Last week, you may remember, I made this post about minimalism in writing, particularly in the area of description and information.
In response to that post one reader, Alex Keir, posed this question:
“Is it not the job of the author to paint a picture? I think we can all agree that genre subjects, science fiction, fantasy, etc., and specialized genre, spies, wall street, political, etc., all require additional description to bring the reader into the world.”
Mr. Keir (I realize Alex could also be a girl’s name, but I’m choosing to assume the masculine here, because frankly there ain’t enough dudes in this writing game) went on to share the concern that keeping descriptions to a minimum is really a symptom of our TV junky society, trying to dumb things down as much as possible.
I answer to both of these concerns, I’ve decided to elaborate a bit more on my original post.
It is true that some worlds require more description than others. For instance, me and Ellie Soderstrom just finished the first draft of a steampunk/fantasy novel in which there are clockwork robots and insectile aliens in addition to several other quirks of setting.
Clearly, those things are going to need a fair amount of description if the reader is going to fully understand what is happening in our story. But even so there’s a very real danger in doing this wrong.
For instance the alien species first appears during “hook” of our book, the first action scene that really lets the reader know they’re in for an exciting ride. But to stop in the middle of the chase scene to describe the sun glinting off the gleam on the alien’s shell, to describe the horror of it’s multifaceted eyes, to paint every hair-like bristle on their multi-segmented arms in the reader’s mind and…
Hey, where did you go? I’m making a point here. Okay, where was I? Oh, yes. We want to give the reader a few details to give them the impression of what our protagonist is facing, but we don’t wont to overload the action with description.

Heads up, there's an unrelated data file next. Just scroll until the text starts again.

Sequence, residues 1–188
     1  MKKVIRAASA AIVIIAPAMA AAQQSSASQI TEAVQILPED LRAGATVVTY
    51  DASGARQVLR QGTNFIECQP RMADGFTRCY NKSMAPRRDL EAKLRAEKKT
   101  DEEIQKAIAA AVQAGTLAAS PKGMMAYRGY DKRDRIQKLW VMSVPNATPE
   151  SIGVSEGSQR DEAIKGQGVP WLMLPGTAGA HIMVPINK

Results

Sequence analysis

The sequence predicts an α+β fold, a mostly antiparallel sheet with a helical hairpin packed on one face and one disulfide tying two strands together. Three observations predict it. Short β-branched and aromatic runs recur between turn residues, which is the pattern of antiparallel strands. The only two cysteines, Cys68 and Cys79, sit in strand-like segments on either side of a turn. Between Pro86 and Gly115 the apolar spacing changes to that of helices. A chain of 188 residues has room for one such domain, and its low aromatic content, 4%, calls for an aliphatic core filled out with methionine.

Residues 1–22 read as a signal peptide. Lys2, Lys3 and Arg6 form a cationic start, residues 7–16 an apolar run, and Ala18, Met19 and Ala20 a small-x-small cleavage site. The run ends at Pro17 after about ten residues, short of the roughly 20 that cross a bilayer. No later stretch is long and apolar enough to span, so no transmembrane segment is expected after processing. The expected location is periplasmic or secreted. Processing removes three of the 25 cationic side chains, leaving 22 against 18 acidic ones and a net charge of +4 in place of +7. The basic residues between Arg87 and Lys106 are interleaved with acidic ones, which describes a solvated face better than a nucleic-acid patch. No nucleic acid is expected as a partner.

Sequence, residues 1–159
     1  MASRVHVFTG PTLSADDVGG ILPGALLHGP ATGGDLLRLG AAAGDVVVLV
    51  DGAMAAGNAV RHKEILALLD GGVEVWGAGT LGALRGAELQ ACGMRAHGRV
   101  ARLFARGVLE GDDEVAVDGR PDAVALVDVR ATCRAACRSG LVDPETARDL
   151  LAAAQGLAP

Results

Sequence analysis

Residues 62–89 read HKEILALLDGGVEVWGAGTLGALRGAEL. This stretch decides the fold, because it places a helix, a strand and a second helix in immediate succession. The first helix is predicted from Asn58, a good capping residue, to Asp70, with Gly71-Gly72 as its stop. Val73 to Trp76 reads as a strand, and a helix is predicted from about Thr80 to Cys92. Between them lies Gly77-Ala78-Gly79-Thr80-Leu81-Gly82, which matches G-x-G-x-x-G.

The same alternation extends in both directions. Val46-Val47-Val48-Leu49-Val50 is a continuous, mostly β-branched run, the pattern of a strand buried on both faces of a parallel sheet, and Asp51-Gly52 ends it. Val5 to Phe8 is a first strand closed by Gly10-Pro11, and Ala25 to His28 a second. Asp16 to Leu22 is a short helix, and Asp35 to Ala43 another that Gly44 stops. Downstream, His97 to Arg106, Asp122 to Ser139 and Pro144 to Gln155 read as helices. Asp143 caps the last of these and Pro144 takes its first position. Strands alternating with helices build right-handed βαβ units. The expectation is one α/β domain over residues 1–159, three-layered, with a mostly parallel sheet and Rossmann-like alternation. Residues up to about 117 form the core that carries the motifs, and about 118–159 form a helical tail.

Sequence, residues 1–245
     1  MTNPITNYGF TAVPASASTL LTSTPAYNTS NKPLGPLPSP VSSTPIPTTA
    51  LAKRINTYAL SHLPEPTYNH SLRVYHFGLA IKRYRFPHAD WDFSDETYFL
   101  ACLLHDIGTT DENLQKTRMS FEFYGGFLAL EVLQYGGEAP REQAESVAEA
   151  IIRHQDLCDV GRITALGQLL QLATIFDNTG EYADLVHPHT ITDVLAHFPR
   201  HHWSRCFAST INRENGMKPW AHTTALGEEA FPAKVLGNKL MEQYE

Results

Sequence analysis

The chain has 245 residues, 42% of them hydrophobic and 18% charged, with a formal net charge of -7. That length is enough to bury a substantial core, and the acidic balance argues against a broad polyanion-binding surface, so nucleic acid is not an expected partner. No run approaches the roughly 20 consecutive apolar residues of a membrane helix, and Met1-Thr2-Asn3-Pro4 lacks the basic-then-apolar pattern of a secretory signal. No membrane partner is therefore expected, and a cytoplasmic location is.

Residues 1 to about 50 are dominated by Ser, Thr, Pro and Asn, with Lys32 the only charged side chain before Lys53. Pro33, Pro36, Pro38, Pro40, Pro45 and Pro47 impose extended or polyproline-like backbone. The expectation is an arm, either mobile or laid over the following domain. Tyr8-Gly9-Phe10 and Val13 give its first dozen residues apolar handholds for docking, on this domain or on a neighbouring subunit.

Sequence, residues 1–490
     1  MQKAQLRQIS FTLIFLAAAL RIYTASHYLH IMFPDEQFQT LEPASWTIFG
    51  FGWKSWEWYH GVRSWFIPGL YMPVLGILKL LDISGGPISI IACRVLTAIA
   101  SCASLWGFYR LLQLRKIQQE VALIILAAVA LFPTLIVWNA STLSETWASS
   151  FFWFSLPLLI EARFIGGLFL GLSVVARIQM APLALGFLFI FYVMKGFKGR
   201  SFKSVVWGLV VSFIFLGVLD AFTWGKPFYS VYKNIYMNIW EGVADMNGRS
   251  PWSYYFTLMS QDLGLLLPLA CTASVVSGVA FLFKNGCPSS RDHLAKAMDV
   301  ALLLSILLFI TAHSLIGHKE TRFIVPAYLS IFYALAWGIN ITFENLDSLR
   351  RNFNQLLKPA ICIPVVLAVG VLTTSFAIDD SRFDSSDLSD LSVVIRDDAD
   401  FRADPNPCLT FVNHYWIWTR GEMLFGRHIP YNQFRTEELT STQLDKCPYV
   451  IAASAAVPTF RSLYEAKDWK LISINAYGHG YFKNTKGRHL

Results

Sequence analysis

Why? Because reading a book isn’t like watching a movie. The visuals aren’t the important part. Most people won’t even notice when they’re missing. In fact there are stories built around this “blind spot”, seemingly normal scenes that are only revealed to be abnormal through the revelation of previously unknown details.
You can’t do a scene in a movie where the two men talking about trying to keep an animal alive in a zoo turn out to be aliens talking about a human child. But in print you can totally get away with that stuff.
I’m not saying you should do that. I’m merely making a point. Before you explicitly state some detail about a scene, your reader is already making assumptions.
And that is exactly what you as a writer want. Because the world the reader will build in their own head will be far more elaborate and detailed than anything you can describe on paper.
The purpose of description is not to tell the reader everything about your world, but rather to give them a nudge in the right direction, so that they can create the world for themselves. After all if they’re just sitting there, might as well put them to work right?
And don’t dump it all in their lap at one go if you can help it. Remember, little details go a long way toward making your world seem more real. Scatter little tidbits of world-building throughout your story, and build on the details you’ve established already. That way your descriptions won’t become ponderous paragraphs of story-stopping information, but instead they will arise organically from the flow of the story.
Remember, description is like salt.
It can bring wonderful taste to your cooking. But if it becomes the main ingredient you might want to check your recipe.